2. Stephanie says:

    Family is so profound. I think that no matter what, she had to know that you loved her. The bond of growing up with siblings runs even deeper than the words we say. The path she was on may not have changed, even if you had been trying to pull her off. Guilt is such an impossible emotion. Who could have known what you sister had planned to do? It’s impossible to see the future, and hindsight is 20/20.

    My brother had chronic headaches and depression. My mom brought him to so many doctors, trying to find a treatment, but nothing helped even after 2 years of trying to help him. I saw my brother a week before he took his life, and during our last conversation, I yelled at him to stop talking about ending his life. I cut him off. I thought if I stopped talking about it, he would stop thinking about it. That didn’t work obviously.

    I wish we could tell them how much we truly miss them. I’m so sorry for your loss, too.

  3. AM says:

    It has been almost 7 months since I lost my big brother too. I still feel like none of this is real, that I shouldn’t be talking about him in the past tense. It is such a shitty feeling, and I think about him every day. I hate it when my family are all sitting together, because every time I think to myself “is this it? Its just us now?”. I don’t even remember the last thing I said to him, or what he looked like the last moment I saw him. I don’t remember because at the time I didn’t think it was important enough to remember. I can’t even go through my camera roll on my phone because I have so many pictures. I’m so insanely sorry for your loss, but I try to take comfort in the fact that there are so many people hurting just like us. It helps a tiny bit.

    • Terri says:

      I think the same thing when I see my family. It is now just my mom, dad and I. When I was going through photos for my brother’s service, I thought someday I will be doing this alone and not with him when my parents pass away. I can’t imagine us ever taking another family photo again because it would be so obvious and too painful to see him not in that photo.

  4. Adam says:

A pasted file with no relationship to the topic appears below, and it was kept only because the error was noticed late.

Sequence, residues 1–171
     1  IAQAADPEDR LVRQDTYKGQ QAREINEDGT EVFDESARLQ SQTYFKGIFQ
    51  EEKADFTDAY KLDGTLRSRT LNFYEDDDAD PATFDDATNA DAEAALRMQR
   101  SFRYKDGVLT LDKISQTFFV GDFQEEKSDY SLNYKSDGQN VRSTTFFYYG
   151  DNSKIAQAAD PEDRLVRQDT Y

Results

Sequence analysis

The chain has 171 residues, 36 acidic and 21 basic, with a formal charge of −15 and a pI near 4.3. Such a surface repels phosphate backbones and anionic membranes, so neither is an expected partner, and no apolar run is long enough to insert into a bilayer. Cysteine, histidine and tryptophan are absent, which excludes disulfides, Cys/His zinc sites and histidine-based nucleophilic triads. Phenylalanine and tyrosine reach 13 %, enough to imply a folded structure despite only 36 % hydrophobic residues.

I read each post and it amazes me how each of us share the same feelings. My sister killed herself by putting a bag over her head and feeding a tube from a helium tank into the bag. She died on 4/20/18, no I’m a novice at this. We were inseparable as kids and teenagers, but when she left for college we lost track of her, and then finally found out she was institutionalized for major mental illnesses. I regret that I never regained that closeness, though I’d visit her each year in Canada. I feel like I kind of wrote her off as crazy, and maybe didn’t take her seriously enough, and for that I’m riddled with guilt. There are so many ‘if only I’d done…..’. I have no answers and wish I’d reached out to her. I think since she died I’ve perhaps become more patient and kind with people, maybe because I don’t know what may be happening in their lives. It’s a strange feeling which I’m sure you all feel, almost like most things that used to seem so important are now inconsequential. I pray each night that Kate’s in a better place and has found peace. It was pure hell going through her belongings and phone, but I just couldn’t leave that task to my parents. I’m so touched by what everyone writes and feels on this site, but at the same time I guess I’m realizing that this is going to be a very long process, and I and we may never fully heal. I long for a chance to talk to my sister, but know that’ll never come. The things I’d say to her pass through my mind all day long…anyway, thank you to everyone for posting. Maybe you think you’re posting to make yourselves feel better, but also know that it helps people like me who are so new to these feelings.